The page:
One of my favorite talks is How to Lead When You’re Feeling Burned Out and inevitably the timing of the talk coincides with me needing to practice what I preach! I gave the talk several times this past fall and most of the questions the audience asked came back to boundaries, albeit phrased like “These are all great tips but how do you do this when it’s impossible to say no and take time for myself?”
And then I found myself in the middle of having to say no and I too thought it was impossible … at least to begin with I realized that there were four things I needed to figure out:
- What were the competing values I was dealing with? In my case it was a competing value between my own health and wanting to keep a client happy. My tendency is to keep a client happy and deal with my own health later, but I know (and tell others!) that this is not a good long term strategy. So I got clear that it’s ok for me to value my health over my client’s happiness and that became my guiding value.
- Whose monkey was it? William Oncken’s brilliant metaphor of collecting monkeys, which are tasks or problems that we take on for various reasons that rightly belong to someone else, became very relevant. This piece of work that had grown into a rather large monkey did, in fact, belong to my client, not me. Sometimes the ownership of the monkey may not be as clear, but in those cases, it’s ok to ask someone who also has a partial ownership in the monkey to take it on (especially if that other person has not properly looked after that monkey in the past!)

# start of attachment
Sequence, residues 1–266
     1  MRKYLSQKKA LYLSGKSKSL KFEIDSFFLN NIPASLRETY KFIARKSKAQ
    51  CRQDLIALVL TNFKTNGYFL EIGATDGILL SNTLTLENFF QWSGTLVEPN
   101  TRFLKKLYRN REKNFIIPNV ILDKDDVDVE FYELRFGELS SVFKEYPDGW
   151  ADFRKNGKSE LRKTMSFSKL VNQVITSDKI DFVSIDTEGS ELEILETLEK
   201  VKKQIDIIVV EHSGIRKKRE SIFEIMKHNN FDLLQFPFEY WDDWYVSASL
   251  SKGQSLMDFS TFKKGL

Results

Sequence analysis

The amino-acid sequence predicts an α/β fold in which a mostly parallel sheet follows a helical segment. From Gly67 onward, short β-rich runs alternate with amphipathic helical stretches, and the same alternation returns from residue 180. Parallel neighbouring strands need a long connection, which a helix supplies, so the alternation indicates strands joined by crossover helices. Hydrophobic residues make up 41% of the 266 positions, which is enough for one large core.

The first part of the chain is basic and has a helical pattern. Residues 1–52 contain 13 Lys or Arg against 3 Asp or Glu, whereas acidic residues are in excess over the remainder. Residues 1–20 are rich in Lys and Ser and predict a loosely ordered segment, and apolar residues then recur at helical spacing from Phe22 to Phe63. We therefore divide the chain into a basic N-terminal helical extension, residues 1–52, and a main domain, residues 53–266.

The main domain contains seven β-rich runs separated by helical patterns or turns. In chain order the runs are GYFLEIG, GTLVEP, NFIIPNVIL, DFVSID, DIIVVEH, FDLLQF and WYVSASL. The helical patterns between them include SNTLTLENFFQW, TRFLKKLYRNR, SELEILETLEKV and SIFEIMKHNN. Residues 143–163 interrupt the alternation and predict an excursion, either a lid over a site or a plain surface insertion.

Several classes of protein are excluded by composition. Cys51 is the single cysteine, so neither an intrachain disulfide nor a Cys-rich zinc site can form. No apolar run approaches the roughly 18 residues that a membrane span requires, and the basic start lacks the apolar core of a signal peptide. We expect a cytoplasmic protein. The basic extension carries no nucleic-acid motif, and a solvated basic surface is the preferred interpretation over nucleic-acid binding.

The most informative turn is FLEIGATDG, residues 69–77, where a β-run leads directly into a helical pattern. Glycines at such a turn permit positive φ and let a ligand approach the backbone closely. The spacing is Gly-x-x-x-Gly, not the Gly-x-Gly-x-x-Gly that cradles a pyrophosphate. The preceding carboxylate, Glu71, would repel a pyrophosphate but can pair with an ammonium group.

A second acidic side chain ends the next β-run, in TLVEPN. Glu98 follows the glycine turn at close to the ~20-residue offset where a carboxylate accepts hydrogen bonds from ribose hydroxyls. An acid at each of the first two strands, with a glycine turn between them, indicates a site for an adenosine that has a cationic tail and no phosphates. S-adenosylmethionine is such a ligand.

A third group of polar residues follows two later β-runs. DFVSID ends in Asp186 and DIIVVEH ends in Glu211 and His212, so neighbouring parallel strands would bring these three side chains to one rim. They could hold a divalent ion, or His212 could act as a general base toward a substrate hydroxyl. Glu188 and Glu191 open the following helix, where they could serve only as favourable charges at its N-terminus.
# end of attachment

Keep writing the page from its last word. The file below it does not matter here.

- What feelings was I experiencing? I was stressed and frustrated but digging deeper, I realized I was a bit resentful. Feeling resentful comes from not being appreciated or being taken advantage of. This can happen when we impose “I should do this in order to be a good ___” or by someone else imposing their expectations on us. Getting clear on our feelings and, in particular, tuning into resentment can alert us to the fact that we need to set a boundary.
- What fears were surfacing? I was afraid that if I set a boundary my client would be upset, think less of me and then I would never get another contract ever from anyone else! I know that sounds irrational as I type it but these are the sorts of irrational fears that often prevent us from setting a boundary. In this case, I was able to get some perspective and realize that, given everything, it was doubtful this would happen and even if it did, it would not directly lead to no contracts ever! Often we don’t set boundaries because we are afraid a relationship will end. In that case, we need to ask ourselves if this is a healthy relationship to be in!
Working through these four things allowed me to set a boundary in a direct, respectful and grounded way. I was able to use my guiding value for why I could not complete this work and I did so from a place of confidence instead of frustration or resentment. Boundaries without drama has become my mantra!